This article reflects on Alexander Graham Bell's 1888 testimony before the Royal Commission of the United Kingdom on the Condition of the Deaf and Dumb, Etc. Excerpts are grouped by reference to (1) language education for the hearing impaired; (2) speechreading; (3) methods of teaching; (4) speech; and (5) sign language. (Author/PB)
Descriptors: Elementary Secondary Education, Hearing Impairments, History, Language Acquisition
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Blatt, Burton – Exceptional Children, 1985
Excerpts from the letters between Alexander Graham Bell and Anne Sullivan and Helen Keller are given to illustrate the educational and personal growth of Helen Keller as well as the educational philosophy of Bell regarding the education of the deaf blind. (DB)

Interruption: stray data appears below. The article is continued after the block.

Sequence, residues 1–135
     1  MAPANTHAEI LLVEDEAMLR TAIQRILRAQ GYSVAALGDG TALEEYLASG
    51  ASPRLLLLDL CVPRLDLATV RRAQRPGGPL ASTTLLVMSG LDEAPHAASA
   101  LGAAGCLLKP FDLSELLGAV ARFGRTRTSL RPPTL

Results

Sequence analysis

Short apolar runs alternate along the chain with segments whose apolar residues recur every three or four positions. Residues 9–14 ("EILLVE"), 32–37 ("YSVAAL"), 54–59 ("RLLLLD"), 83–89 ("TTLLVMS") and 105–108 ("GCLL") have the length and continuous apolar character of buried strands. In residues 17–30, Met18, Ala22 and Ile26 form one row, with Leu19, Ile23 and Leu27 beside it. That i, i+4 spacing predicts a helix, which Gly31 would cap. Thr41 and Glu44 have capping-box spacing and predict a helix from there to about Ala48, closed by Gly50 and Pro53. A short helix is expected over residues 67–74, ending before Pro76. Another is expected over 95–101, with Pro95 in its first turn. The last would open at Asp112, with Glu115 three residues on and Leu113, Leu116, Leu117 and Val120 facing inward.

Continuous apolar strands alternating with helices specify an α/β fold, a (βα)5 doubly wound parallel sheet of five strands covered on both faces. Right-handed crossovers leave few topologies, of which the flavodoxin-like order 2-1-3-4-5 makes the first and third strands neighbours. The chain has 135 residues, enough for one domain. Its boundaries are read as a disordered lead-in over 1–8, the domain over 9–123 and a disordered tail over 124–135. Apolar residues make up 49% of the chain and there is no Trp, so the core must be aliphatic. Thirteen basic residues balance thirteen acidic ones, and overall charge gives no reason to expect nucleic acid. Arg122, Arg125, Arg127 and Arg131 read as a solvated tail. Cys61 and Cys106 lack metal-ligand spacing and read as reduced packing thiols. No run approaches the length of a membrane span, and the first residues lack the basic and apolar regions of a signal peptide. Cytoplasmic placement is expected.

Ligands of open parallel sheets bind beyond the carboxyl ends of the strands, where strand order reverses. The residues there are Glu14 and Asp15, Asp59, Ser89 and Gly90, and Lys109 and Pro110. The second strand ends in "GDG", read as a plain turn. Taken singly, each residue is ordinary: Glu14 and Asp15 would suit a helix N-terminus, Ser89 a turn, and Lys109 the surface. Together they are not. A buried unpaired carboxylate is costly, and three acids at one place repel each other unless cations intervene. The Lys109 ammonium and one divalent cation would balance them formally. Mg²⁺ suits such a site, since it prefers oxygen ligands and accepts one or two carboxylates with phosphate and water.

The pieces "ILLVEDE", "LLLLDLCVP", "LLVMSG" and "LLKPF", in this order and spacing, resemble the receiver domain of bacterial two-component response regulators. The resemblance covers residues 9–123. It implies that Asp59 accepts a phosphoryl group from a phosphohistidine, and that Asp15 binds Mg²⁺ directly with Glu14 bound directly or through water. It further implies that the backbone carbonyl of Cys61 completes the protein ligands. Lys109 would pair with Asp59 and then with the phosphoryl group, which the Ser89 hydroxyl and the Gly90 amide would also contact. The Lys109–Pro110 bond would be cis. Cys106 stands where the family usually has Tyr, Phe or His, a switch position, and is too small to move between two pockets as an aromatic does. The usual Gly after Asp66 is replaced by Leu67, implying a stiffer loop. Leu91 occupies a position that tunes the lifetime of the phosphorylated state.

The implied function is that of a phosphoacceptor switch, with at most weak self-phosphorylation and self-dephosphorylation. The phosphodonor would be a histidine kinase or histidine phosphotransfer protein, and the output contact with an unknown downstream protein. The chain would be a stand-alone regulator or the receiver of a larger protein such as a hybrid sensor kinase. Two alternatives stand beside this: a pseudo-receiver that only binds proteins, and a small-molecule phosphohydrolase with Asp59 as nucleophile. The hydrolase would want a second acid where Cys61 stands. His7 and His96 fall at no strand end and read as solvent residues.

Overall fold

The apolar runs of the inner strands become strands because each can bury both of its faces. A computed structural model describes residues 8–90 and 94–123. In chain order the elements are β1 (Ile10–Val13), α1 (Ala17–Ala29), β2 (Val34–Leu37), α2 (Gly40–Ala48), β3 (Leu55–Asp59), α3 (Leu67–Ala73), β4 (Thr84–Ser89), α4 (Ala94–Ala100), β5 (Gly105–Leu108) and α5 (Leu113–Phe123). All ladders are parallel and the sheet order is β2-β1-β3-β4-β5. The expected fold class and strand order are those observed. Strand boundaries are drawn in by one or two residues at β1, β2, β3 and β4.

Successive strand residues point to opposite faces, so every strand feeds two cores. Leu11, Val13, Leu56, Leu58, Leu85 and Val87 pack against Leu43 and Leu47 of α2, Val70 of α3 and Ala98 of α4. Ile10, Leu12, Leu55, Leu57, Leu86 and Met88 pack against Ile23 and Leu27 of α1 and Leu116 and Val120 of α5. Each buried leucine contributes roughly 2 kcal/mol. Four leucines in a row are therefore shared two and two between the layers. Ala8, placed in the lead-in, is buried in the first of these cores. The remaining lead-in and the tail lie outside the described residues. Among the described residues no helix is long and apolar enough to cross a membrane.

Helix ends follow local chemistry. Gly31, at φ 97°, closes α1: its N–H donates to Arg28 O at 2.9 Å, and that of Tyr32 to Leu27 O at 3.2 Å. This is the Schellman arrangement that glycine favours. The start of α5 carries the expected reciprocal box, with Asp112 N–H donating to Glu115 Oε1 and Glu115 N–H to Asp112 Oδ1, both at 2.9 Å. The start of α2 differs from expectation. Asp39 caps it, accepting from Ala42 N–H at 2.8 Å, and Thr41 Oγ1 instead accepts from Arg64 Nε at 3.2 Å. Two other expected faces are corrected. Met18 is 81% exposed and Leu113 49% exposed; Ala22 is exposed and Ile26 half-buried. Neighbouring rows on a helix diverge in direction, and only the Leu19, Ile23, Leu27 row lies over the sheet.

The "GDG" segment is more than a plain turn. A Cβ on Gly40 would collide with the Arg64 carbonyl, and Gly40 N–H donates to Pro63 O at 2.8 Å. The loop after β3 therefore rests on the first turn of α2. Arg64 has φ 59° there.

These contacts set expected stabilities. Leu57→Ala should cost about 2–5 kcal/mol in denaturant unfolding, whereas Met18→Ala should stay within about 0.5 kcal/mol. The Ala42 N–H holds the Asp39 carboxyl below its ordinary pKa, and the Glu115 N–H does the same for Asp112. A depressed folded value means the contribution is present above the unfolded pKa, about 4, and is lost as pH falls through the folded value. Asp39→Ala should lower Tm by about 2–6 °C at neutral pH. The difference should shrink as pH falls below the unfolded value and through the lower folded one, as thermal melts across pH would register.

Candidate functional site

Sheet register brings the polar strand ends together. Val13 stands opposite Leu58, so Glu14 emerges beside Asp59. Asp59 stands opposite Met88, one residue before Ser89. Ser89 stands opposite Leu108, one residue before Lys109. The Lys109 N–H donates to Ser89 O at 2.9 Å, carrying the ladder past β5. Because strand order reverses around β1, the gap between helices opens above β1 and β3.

Descriptors: Case Studies, Deaf Blind, Educational Philosophy, History
Schur, Joan Brodsky – 2001
In 1876 Americans held a Centennial Exhibition in Philadelphia (Pennsylvania) to celebrate the nation's birth 100 years earlier. Machinery Hall drew the most admiration and wonder. Alexander Graham Bell exhibited the first telephone, and Thomas Alva Edison presented the automatic telegraph, one of more than 1,000 inventions he would patent in his…
Descriptors: Government Role, Industrialization, Inventions, Patents